Project Management

Project Management Central

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Topics: Agile, Organizational Project Management, Resource Management
Project Managers, AI & Coronavirus
A Project Manager can be compliant with regulations, clients' requirements, business goals, schedules, budget and plans while ensuring the implementation of all safety measures. However, things can still go sideways due to unanticipated situations or conditions such as Coronavirus. We all now know and see how our ever-changing economies have been negatively influenced lately by COVID-19, and hence the most important element of any project, the people.

How and what approach would you pursue to manage your team members today? And how are they being secured at work? How do you think our advanced emerging technologies, such as AI, can help us identify the virus in confined spaces such as offices?
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Honestly, this is where I think companies NEED to allow remote work. Most offices these days are open plan - these are HORRIBLE at preventing infection spread as there's no walls to block a cough or sneeze (which can travel up to six feet). From personal experience, I've seen how much sicker teams get during the winter in these kind of setups.

Since so many of my projects have involved people all over the world and we've figured that out, I say do what Twitter has done and let everyone be remote (if the company VPN network can handle it).

For those who criticize that work might not get done I can tell you that it's entirely possible to give face time 5 days a week and get nothing done so why should we not trust people to be remote? In the US there's such a culture that you can't take sick time or PTO at many companies and this leads to so many people coming to work sick when they shouldn't and the viruses spread everywhere.

Also, for matters of compliance with the ADA any employee that falls into the high risk category for COVID-19 should be get priority for WFH priviledges if the network can truly not support everyone being remote.
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1 reply by MOHD ABU HASIRA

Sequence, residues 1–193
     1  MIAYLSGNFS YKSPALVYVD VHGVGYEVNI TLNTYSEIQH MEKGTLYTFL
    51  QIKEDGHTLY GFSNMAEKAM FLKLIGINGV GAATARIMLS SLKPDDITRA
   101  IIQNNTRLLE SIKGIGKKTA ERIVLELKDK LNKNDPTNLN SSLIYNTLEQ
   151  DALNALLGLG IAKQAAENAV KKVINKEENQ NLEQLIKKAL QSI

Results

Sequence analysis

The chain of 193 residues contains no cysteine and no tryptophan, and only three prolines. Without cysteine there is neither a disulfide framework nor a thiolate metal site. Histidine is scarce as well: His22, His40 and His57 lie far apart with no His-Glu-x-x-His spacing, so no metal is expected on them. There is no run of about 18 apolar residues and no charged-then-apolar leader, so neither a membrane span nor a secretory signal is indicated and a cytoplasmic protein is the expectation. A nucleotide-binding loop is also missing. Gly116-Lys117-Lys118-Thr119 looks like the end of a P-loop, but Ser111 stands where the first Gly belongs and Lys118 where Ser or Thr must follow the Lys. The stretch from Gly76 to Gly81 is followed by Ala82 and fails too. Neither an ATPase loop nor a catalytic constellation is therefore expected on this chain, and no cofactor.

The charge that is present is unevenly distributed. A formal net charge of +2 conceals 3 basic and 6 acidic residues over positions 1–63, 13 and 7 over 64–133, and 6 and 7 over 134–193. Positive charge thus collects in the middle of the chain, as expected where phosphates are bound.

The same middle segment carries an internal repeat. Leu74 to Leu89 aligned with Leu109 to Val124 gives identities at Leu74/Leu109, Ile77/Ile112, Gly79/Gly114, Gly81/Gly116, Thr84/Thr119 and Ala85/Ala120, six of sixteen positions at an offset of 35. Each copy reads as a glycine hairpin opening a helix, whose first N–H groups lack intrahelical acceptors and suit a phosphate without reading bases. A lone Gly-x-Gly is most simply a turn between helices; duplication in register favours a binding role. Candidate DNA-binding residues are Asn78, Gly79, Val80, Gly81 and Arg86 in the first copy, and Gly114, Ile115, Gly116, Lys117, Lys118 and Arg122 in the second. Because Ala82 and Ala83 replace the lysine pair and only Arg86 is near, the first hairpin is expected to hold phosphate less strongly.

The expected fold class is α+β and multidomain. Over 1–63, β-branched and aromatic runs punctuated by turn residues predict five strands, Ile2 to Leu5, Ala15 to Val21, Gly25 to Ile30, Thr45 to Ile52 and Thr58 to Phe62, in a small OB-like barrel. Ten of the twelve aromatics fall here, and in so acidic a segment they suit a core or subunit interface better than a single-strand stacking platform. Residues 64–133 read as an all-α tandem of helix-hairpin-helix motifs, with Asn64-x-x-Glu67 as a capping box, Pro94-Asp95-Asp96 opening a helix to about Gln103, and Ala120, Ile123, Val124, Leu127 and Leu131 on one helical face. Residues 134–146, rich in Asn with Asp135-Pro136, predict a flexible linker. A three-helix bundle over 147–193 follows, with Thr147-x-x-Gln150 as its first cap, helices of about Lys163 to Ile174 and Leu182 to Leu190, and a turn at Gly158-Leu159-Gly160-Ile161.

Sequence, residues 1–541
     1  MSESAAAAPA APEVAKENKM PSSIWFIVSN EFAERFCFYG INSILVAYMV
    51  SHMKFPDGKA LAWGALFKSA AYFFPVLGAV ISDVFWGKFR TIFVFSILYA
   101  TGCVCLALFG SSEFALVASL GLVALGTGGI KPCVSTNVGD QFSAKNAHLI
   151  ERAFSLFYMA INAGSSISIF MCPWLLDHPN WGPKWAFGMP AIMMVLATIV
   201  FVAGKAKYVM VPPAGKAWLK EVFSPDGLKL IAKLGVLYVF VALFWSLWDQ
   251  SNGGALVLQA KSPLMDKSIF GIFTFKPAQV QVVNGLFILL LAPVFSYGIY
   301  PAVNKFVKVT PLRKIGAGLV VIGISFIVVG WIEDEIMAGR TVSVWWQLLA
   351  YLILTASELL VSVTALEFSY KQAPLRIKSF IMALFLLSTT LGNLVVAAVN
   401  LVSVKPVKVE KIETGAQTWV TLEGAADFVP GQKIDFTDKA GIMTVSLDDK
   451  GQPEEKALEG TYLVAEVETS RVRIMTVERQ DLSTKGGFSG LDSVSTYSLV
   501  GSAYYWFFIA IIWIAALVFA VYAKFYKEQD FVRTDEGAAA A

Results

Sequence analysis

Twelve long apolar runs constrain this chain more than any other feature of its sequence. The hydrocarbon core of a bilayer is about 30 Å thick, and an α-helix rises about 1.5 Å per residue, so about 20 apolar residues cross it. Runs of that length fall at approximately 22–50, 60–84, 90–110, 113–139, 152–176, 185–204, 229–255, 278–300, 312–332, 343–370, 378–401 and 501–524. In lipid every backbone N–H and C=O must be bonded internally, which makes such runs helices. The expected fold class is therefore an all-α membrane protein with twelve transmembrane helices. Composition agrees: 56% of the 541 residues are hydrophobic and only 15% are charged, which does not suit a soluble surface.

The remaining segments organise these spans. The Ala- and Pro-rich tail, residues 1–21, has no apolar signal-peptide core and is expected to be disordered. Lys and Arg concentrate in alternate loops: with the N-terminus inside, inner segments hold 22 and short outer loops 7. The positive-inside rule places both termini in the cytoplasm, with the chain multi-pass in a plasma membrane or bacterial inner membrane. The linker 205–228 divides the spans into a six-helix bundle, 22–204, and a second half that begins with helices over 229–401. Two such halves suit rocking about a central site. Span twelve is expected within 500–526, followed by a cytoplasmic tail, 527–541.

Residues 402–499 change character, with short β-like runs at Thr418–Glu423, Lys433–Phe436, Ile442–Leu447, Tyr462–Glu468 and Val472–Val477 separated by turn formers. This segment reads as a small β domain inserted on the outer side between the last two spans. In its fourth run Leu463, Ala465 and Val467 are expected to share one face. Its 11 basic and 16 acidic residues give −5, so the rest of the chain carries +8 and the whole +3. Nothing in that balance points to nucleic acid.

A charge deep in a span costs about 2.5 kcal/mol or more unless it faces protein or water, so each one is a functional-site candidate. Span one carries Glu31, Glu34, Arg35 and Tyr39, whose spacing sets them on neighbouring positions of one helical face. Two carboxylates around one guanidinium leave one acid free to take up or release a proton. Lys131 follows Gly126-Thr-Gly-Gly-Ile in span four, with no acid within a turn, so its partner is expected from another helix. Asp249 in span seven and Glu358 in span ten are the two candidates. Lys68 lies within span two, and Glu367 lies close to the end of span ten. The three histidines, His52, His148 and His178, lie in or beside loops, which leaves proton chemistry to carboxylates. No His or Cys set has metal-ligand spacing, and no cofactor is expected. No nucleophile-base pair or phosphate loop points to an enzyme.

Mar 05, 2020 7:44 PM
MOHD ABU HASIRA
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Thank you for your contribution Susan, and good luck with your job search!
For people that lived things like SARS we have lessons learned on the field. But at the end, it is on the field of unknown-unknown risks.
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1 reply by MOHD ABU HASIRA
Mar 05, 2020 7:45 PM
MOHD ABU HASIRA
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Thank you for your contribution Sergio. How do you think we can apply emerging technologies into mitigating such risks?
Take care of ourselves - eat right, rest, manage our stress, wash our hands often, use hand sanitizer, have more webinar meetings vs. face to face meetings. Work remotely when ill and encourage your team members to do the same. Be smart in all our interactions.
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1 reply by MOHD ABU HASIRA
Mar 05, 2020 7:47 PM
MOHD ABU HASIRA
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Thank you for your contribution Lori. You're absolutely right. That's solely the responsibility of each individual. However, as a PM, you could still encounter employees who ask for compensation/allowances for taking the risk and going to office, no? I have personally heard of such encounter!
In your project check all that can go wrong, supply for one. If workers need to work on-site, what is plan B?

Make sure everyone knows the health measure to minimize the risk of transmission, cough in your elbow, wash hands...
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1 reply by MOHD ABU HASIRA
Mar 05, 2020 7:50 PM
MOHD ABU HASIRA
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Thank you Vincent for your contribution. You're right, yet what if the personnel onsite request to be paid an allowance to compensate for taking such a risk? Do you think that such a temporary allowance can be beneficial?
Mar 05, 2020 1:15 PM
Replying to Susan Marangos